Efficacy of functional retraining vs geriatric rehabilitation programs for deconditioned elderly patients

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Efficacy of functional retraining vs geriatric rehabilitation programs for deconditioned elderly patients


Author: Wong, Mei-yuk
Title: Efficacy of functional retraining vs geriatric rehabilitation programs for deconditioned elderly patients
Degree: M.Sc.
Year: 1999
Subject: Older people -- Rehabilitation
Occupational retraining
Hong Kong Polytechnic University -- Dissertations
Department: Multi-disciplinary Studies
Dept. of Rehabilitation Sciences
Pages: xi, 176 leaves : ill. ; 31 cm
Language: English
OneSearch: https://www.lib.polyu.edu.hk/bib/b1477359
URI: http://theses.lib.polyu.edu.hk/handle/200/1951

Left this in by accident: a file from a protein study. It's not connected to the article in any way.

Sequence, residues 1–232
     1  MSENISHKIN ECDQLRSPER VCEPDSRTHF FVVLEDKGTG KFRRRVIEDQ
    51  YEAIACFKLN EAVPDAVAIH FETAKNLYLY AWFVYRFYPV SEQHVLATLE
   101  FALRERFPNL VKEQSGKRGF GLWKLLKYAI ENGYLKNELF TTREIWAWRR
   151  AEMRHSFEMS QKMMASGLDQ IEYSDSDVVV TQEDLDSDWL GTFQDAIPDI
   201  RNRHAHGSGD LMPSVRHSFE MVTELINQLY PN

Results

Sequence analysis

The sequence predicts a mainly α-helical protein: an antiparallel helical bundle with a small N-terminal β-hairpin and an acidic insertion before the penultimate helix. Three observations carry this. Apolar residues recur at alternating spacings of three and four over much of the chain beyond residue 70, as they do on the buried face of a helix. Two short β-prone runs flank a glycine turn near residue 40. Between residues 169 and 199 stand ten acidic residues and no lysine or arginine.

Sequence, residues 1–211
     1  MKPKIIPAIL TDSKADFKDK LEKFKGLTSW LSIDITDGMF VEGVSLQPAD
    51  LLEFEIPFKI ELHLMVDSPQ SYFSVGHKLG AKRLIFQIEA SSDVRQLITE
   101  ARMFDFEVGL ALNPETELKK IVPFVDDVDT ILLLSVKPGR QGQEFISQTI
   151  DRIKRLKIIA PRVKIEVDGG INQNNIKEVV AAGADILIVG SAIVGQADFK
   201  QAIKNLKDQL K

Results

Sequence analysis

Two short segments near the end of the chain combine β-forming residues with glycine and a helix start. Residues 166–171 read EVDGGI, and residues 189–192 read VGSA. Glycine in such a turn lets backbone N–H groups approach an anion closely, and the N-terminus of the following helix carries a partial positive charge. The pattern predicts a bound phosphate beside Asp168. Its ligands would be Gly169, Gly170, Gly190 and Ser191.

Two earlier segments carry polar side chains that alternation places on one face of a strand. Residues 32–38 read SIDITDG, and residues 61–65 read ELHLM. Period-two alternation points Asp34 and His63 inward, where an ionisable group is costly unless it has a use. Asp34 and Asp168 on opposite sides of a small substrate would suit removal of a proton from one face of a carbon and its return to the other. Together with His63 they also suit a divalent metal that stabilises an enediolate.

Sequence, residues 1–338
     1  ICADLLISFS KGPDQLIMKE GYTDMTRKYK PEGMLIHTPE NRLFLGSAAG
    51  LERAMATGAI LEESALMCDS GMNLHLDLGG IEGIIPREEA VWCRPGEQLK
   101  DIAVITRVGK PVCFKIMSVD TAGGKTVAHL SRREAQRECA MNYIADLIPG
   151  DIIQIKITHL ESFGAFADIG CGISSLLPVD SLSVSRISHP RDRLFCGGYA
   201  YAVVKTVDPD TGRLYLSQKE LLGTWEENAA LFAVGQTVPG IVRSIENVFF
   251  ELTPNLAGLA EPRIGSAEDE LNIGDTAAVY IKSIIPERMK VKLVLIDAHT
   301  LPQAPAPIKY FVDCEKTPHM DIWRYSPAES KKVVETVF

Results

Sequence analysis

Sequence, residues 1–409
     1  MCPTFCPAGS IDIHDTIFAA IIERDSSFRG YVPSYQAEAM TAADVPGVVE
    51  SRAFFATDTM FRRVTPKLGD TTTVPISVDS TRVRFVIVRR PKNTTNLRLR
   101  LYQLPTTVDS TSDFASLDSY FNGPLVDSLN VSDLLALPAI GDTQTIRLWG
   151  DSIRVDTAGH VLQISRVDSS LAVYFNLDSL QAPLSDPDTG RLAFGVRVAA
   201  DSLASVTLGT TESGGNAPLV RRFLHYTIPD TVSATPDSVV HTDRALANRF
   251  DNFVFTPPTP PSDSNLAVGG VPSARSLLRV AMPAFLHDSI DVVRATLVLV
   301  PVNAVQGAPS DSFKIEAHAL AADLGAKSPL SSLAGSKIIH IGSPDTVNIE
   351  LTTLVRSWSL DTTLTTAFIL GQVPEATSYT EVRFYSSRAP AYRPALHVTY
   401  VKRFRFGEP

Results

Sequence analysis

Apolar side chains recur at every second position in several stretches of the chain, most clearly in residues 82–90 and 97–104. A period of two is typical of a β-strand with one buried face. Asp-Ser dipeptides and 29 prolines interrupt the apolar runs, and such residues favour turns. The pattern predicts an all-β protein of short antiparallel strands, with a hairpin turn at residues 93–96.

Abstract: In rehabilitation hospitals, the majority of geriatric patients suffer from acute medical conditions resulting in functional problems as a consequence extended periods of bed rest. This process is often recognized as deconditioning. Rehabilitation aiming to restore the lost function is often provided for these deconditioned geriatric patients in convalescent hospitals once their acute medical condition has been stabilized. The purpose of this study, in a randomized controlled trial design, is to investigate whether intervention aimed only at functional limitation (Functional Retraining; FR) was more or less effective than an intervention that tackled both impairment and functional limitation (Geriatric Rehabilitation Program; GRP) to improve the functional and physical performance of the deconditioned geriatric patients. The content of the two programs shared the same base of functional retraining, except for the addition of progressive resistance training, endurance training and motor-skills training to the GRP. The GRP program acted as the control for the FR program. Some 31 patients were recruited to the study over the period of one year and were randomized into the FR or GRP group. A total of only 25 patients completed either program, 12 in the FR group and 13 in the GRP. The functional ability of the patients was reflected by The Functional Independence Measure (FIM) motor subscale score measured by the occupational therapist. The strength of biceps and quadriceps were measured to reflect the improvement in muscle strength at impairment level outcomes. The six-minute distance-walking test was chosen to reflect the cardiorespiratory function of patients. The measurements of muscle strength and six-minute distance-walking tests were taken by the physiotherapists in the research team. Baseline assessments showed no significant differences between the two intervention groups, and they were comparable at the start of the programs. Results on two-way repeated measure analysis of variance (ANOVA) indicated significant improvements (F =9.05 to 40.78, 0.00<=p<=0.01) in patients performance on all assessments in both intervention groups before and after intervention. Two-way repeated measure ANOVA was also used to analyze the effects of the FR and GRP interventions, assessment occasions and their interaction for all the outcome variables. No significant differences were revealed in all the comparisons (p ranged from 0.15 to 0.84) that would indicate that either FR was not more effective than the GRP, or vice versa. Results of the study failed to demonstrate that the effect of the FR was superior to GRP, or vice versa; both intervention groups showed improvements in functional and physical performance of deconditioned patients over time. Findings of the present study will enable clinicians to better understand the functional profile of deconditioned patients. The present functional retraining care plan is appropriate and adequate to rehabilitate the functional needs of deconditioned elderly patients. This study also demonstrates the use of functional retraining is sufficient to improve the functional status, biceps, quadriceps strength and aerobic capacity of deconditioned elderly patients who are already frail and old. Occupational therapists may have to reconsider the potential use of functional retraining as a means to alleviating both impairments and functional status of deconditioned patients. Furthermore, the Quadriceps muscle strength (63.5% of variance) was the only significant predictors of (p<0.00) patients' FIM motor score, which is potentially useful as the admission criteria of the program.

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